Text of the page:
If you have been following my recent posts then you already understand that it is not easy to be fintech anymore.
This case is especially true when it comes to fundraising.
Firstly, research from Innovate Finance shows that investment in UK fintech dropped by 39% in the first half of 2020, compared to the same period in 2019.
In H1 2020, $1.8bn of venture capital was invested in 167 startups compared to H1 2019, when $3bn was invested in 263 startups.
However, $1.8bn UK fintech investment earlier this year was still a 22% increase over the second half of 2019 when funding totaled $1.5bn so there is still a chance.
So what are investors looking for in new fintechs?
Shaun Puckrin says there are four things investors interested in most.
1. A strong, differentiated proposition
The fintech marketplace is crowded and filled with mature innovators setting a high standard for everyone else.
Against this backdrop, “challenging the incumbents” is, unfortunately, no longer a USP.
I agree with the idea because this gap doesn’t exist anymore because incumbents are evolving and becoming good at innovation.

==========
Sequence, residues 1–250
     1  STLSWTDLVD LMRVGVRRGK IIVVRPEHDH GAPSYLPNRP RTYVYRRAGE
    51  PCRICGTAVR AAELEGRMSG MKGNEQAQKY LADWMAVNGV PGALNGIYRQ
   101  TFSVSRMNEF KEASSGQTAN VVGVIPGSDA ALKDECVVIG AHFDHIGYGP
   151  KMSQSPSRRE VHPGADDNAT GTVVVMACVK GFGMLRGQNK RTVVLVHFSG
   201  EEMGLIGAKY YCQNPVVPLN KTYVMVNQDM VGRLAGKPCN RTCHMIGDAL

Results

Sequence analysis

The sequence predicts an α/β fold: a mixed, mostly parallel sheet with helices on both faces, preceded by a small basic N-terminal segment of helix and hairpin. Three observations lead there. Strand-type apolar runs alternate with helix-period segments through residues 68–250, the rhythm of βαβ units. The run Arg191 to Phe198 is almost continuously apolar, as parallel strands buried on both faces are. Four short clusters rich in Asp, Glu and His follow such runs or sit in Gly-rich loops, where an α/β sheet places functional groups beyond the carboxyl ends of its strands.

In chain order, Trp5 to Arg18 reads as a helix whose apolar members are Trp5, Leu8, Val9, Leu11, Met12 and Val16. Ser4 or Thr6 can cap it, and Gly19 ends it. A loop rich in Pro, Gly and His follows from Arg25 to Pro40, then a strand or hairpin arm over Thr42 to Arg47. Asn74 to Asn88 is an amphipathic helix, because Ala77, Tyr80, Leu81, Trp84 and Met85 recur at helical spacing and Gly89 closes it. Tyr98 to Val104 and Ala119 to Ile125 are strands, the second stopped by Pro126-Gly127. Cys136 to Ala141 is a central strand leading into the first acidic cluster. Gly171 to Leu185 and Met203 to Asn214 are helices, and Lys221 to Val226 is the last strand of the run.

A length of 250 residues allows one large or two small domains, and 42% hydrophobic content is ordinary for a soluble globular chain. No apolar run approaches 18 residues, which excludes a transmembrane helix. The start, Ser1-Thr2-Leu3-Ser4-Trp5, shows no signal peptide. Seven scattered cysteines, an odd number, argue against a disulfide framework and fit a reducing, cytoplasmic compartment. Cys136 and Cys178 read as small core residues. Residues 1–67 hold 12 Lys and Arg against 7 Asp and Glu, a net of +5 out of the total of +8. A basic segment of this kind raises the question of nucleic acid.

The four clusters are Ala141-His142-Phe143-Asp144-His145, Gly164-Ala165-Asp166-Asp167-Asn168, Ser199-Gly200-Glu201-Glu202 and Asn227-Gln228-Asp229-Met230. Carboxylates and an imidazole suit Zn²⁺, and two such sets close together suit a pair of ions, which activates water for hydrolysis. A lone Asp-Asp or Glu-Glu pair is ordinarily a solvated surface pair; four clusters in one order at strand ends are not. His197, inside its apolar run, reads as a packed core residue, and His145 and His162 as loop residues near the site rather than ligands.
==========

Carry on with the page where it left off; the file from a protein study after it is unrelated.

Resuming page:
2. A path to profitability or exit
In the current environment, an attractive fintech must be able to demonstrate a concrete, long-term plan for the financial viability of the business.
The trends so far were to acquire as many customers as possible then start to monetize them by increasing the fees but I believe challenger banks can no longer rely on transaction fees.
3. Strong leadership and core team
Ultimately, securing investment is about building relationships and what often tips the scales is having the right people in the room. This is why a great team is crucial.
I am never tired of repeating that the team is the most important aspect of any company because the team comes before the customers and they build the products for the customers.
4. The right partnerships
Partnering with the right organizations can give you strategic access to the solutions that will help build and scale your offering.
Their expertise and experience are often invaluable; many partners have been in the game for years and may have already solved problems you might be encountering for the first time.
The practice shows you can no longer exist without a partnership with either company. Partnerships help to speed up the product development processes and increase trust in you because every company tries to build links with a strong company.
Investors are still willing to invest in fintechs but they are very picky in their choices.
Fintechs need to focus on a clear differentiation proposition, plan for profitability, building a strong team, and lasting partnerships to get under the radar of investors.
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